Indexed News on:

--the California "Mega-Park" Project

Tracking measurable success on efforts across California to preserve and connect our Parks & Wildlife Corridors



WE POST NEWS THREE WAYS:
1. long detailed stories on blogspot (here!)
2. short messages on Twitter
3. automated news feeds from CA enviro websites in the right-hand column which change frequently and are not archived by our website (that's why we now have a twitter account to permanently capture the memorable feeds)

Wednesday, September 5, 2007

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Broken Promise Over South Orange County Tollroad?


http://www.calcoast.org/news/coast0070118.html
O.C. developer sues over Foothill South route

Rancho Mission Viejo says the tollway agency is violating an agreement by planning the route through San Onofre

By David Reyes, Los Angeles Times, January 18, 2007

Citing a disagreement over 150 acres, one of the largest developers in South County on Wednesday sued the transportation agency planning to extend a toll road through San Onofre State Beach.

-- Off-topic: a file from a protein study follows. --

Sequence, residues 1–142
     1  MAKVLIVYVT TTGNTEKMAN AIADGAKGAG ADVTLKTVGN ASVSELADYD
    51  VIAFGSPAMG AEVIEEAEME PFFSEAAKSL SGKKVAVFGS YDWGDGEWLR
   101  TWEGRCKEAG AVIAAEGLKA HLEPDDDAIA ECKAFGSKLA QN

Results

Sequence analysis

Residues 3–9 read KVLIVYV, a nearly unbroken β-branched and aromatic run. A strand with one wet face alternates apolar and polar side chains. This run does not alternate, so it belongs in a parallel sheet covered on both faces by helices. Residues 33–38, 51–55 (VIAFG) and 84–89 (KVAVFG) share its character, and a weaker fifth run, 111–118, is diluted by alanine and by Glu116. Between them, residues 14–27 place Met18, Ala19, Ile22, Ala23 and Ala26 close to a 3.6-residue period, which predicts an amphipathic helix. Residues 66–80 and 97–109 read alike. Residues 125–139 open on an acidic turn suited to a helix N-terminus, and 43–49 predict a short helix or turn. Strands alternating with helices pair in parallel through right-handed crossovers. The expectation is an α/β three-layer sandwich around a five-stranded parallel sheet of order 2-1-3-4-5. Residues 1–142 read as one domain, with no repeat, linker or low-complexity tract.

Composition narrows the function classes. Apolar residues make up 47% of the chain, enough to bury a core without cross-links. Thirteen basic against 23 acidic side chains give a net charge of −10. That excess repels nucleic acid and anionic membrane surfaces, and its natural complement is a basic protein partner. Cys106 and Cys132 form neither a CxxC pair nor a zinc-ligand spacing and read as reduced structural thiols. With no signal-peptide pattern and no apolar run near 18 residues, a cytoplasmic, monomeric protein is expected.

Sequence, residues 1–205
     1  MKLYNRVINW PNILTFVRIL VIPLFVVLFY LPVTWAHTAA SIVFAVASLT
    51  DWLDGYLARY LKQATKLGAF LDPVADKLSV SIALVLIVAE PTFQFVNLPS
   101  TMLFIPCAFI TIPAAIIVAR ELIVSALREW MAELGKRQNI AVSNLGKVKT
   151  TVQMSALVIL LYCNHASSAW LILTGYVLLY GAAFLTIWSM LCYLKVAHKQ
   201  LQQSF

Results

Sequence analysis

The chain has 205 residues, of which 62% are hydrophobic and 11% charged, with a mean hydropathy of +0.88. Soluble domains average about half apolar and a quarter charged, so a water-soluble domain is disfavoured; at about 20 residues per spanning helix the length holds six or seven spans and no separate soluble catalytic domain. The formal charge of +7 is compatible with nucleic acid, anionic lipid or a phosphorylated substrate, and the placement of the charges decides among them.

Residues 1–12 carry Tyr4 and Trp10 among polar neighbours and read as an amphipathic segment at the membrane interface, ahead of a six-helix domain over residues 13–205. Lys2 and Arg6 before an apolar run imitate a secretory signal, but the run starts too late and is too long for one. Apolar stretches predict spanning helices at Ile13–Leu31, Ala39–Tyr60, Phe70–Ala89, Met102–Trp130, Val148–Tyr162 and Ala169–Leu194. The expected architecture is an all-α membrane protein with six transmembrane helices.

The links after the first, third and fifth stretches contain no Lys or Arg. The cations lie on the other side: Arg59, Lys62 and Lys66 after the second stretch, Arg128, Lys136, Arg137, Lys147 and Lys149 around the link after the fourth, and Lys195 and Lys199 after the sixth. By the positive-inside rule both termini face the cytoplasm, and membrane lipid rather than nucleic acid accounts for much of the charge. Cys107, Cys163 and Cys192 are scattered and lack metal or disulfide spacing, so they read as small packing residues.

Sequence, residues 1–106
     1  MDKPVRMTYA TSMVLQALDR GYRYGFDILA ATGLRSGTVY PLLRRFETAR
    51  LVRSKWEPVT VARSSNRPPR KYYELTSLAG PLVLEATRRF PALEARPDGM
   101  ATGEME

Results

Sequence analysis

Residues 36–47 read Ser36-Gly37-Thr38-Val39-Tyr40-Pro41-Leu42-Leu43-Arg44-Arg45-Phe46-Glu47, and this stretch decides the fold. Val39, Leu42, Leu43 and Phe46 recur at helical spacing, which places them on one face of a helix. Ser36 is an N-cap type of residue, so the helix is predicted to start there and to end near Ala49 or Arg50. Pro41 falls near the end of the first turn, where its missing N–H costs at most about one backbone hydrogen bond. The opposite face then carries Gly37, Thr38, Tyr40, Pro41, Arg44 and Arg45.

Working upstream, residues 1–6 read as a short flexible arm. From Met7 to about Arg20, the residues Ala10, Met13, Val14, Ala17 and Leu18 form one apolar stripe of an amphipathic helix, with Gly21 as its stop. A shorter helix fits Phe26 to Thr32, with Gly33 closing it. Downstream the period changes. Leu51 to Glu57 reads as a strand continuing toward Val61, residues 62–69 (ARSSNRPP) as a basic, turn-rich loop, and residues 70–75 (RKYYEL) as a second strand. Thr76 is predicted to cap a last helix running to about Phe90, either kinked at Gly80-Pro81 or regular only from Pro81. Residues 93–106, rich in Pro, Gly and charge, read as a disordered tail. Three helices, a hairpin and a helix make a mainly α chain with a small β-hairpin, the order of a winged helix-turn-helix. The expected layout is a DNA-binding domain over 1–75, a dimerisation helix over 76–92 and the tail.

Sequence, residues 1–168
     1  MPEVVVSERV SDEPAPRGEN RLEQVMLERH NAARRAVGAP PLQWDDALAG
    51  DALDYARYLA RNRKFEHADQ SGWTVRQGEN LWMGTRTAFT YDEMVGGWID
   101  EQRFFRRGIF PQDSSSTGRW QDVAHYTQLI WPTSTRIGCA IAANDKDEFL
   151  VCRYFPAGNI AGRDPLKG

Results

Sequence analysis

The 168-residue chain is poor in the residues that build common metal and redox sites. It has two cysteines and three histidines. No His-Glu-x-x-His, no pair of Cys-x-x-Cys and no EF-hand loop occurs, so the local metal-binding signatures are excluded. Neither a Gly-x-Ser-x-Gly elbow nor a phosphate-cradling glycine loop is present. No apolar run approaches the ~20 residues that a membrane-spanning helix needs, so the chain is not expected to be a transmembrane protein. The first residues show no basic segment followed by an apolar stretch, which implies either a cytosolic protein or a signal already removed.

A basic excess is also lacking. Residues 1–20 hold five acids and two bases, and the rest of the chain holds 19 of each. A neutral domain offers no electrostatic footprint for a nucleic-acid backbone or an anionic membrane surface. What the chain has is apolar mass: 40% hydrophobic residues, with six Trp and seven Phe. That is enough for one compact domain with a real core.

Rancho Mission Viejo filed suit in Orange County Superior Court after negotiations broke down with the Transportation Corridor Agencies concerning a decade-old agreement under which the company provided acreage allowing the agency to extend the tollway using a "far east alignment."

Last spring, however, the TCA chose a different route, rendering the agreement "null and void," according to a letter that Rancho President Anthony R. "Tony" Moiso sent to the toll road agency Wednesday.

Several meetings between the TCA and the company to resolve the issue have been unsuccessful, Moiso said in the letter.

Rancho Mission Viejo has contended that the route change would affect oak woodlands, impairing its environmental obligations for home construction in the area. In addition, the new route would traverse the Donna O'Neill Land Conservancy.

In a prepared statement, Dan Kelly, the company's senior vice president for governmental relations, said the 1996 agreement was intended to avoid a costly and lengthy legal process. Instead, he said, "the TCA's actions have now forced us to seek the court's help" for clarification.

The 16-mile Foothill South route, one of eight options that were considered, has come under intense criticism by environmental groups because of its proposed path through San Onofre, a popular coastal park containing endangered species, unspoiled wetlands and world-renowned surfing spots.

Yet it would cause the least harm to natural resources and avoid the possibility of condemning hundreds of homes in San Clemente, the TCA has said.

A TCA spokeswoman Wednesday declined to comment on the lawsuit, which, she said, the agency had not yet seen.

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